It is like putting on different glasses. If we wear our Brer Rabbit glasses, all is rabbit world. If we wear our duck glasses, all is the world of duck. We have "glasses" for each subject we study in school, and for each thing we think or say. We have, for example, anger glasses, geometry glasses, literature glasses, biology glasses, foreign language glasses, critical glasses, gender glasses, or the glasses of a philosopher. "To know is to work with one's favorite metaphors." (Nietzsche, in MB:205) We live in many worlds. Expressions such as, "We had no alternative," are typically blatantly false. For example, the common belief that we had no alternative but to kill over a million people in the Gulf war, is an example of military mindedness-one solution to all problems:-shoot it. The Gulf war is seen as tragicomic.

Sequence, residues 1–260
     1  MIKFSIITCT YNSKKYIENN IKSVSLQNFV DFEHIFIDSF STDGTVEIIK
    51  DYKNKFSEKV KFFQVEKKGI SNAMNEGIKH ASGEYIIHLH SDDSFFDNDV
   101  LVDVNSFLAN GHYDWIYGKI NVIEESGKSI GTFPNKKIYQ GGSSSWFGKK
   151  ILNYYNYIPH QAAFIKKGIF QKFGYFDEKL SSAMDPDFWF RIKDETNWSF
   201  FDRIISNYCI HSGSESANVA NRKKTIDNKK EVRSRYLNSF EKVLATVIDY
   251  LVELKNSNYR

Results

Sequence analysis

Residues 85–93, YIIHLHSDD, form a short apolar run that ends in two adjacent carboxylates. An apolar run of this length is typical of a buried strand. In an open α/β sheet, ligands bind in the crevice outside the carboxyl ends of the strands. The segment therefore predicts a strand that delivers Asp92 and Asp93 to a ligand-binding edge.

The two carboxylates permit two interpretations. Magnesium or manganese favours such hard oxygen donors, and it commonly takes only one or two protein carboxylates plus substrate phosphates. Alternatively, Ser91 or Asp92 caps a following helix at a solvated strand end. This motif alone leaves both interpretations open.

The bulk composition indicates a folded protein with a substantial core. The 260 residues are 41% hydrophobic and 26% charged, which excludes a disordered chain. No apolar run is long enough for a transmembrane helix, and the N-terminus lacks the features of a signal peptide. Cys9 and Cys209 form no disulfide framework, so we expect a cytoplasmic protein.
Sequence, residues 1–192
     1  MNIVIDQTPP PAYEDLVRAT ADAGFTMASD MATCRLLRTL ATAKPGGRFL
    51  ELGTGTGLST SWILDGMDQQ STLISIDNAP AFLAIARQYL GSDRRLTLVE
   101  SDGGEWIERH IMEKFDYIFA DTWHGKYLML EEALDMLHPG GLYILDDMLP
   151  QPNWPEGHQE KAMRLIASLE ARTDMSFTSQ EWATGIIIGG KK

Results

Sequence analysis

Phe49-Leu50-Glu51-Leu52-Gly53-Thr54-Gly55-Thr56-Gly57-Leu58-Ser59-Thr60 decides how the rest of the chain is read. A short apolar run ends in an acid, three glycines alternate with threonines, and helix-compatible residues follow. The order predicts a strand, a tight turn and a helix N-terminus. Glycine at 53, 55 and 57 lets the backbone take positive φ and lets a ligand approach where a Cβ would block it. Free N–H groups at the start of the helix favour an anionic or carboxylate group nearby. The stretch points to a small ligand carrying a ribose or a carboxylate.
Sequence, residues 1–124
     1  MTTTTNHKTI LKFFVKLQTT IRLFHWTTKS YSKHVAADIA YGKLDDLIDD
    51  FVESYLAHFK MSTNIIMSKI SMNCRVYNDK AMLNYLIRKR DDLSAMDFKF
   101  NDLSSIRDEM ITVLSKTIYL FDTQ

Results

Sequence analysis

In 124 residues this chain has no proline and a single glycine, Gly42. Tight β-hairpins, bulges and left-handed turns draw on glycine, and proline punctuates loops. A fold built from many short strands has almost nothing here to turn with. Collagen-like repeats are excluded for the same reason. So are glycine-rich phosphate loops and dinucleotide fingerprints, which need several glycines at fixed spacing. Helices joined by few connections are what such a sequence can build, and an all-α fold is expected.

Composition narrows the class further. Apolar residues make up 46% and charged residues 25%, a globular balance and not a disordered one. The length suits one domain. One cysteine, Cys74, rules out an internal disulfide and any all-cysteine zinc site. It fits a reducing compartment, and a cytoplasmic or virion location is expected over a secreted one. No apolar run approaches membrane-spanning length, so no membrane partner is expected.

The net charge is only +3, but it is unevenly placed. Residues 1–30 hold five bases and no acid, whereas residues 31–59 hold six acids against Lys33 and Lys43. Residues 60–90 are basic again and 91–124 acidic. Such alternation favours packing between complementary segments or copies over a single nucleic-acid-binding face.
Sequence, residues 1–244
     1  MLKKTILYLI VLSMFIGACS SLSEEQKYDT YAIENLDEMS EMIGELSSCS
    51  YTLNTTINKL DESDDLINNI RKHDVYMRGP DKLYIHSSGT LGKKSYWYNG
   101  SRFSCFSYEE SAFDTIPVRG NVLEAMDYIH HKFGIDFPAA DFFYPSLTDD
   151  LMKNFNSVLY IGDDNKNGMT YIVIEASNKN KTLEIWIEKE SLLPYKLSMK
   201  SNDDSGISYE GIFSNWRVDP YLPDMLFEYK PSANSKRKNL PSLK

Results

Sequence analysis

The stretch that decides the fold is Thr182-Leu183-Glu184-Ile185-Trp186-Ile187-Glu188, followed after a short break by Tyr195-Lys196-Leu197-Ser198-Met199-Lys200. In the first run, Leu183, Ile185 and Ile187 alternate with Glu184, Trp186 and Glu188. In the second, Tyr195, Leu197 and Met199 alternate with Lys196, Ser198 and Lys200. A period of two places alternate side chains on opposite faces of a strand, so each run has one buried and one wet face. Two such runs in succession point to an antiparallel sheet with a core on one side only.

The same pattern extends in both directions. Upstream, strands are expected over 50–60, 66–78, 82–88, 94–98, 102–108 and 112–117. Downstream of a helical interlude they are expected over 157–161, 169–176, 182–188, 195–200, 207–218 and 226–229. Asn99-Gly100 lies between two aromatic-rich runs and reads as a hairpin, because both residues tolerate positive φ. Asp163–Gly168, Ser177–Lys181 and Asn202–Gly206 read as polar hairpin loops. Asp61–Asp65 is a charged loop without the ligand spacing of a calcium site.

According to Wittgenstein, we tend to become captivated by our language and imagery. We are captivated by only one perspective or way of looking at things. A single sort of language-game poisons our thinking. The theories and views of scientists, philosophers, and poets appear to be expanded or developed metaphors, e.g. humans are machines, atoms, numbers. Scientific revolutions are said to come about simply by a replacement of one model or metaphor by another. Thomas Kuhn in (1962) states that each scientific theory or school of thought depends on a root metaphor, model, or "paradigm," e.g. atomism. All other research in a certain age is thought of as unscientific: Science students were said to accept theories on the authority of teacher and text, rather than because of evidence. The prevailing fashionable paradigm captivates us and we can see in no other way. But gradually it may be seen to be inadequate and becomes replaced, eventually, by another paradigm at the total expense of the first, bringing about a scientific revolution, but also a revolution in our thinking and way of seeing the world. We see in terms of ever new metaphors, but the current one tends to hold our entire experience captive, preventing us from thinking in any other way. Thus, we often see narrowness and dogmatism current in academic and nonacademic disciplines. This opens the way to satire, ridicule and reduction to absurdity, as well as to "taking things literally" type of humor.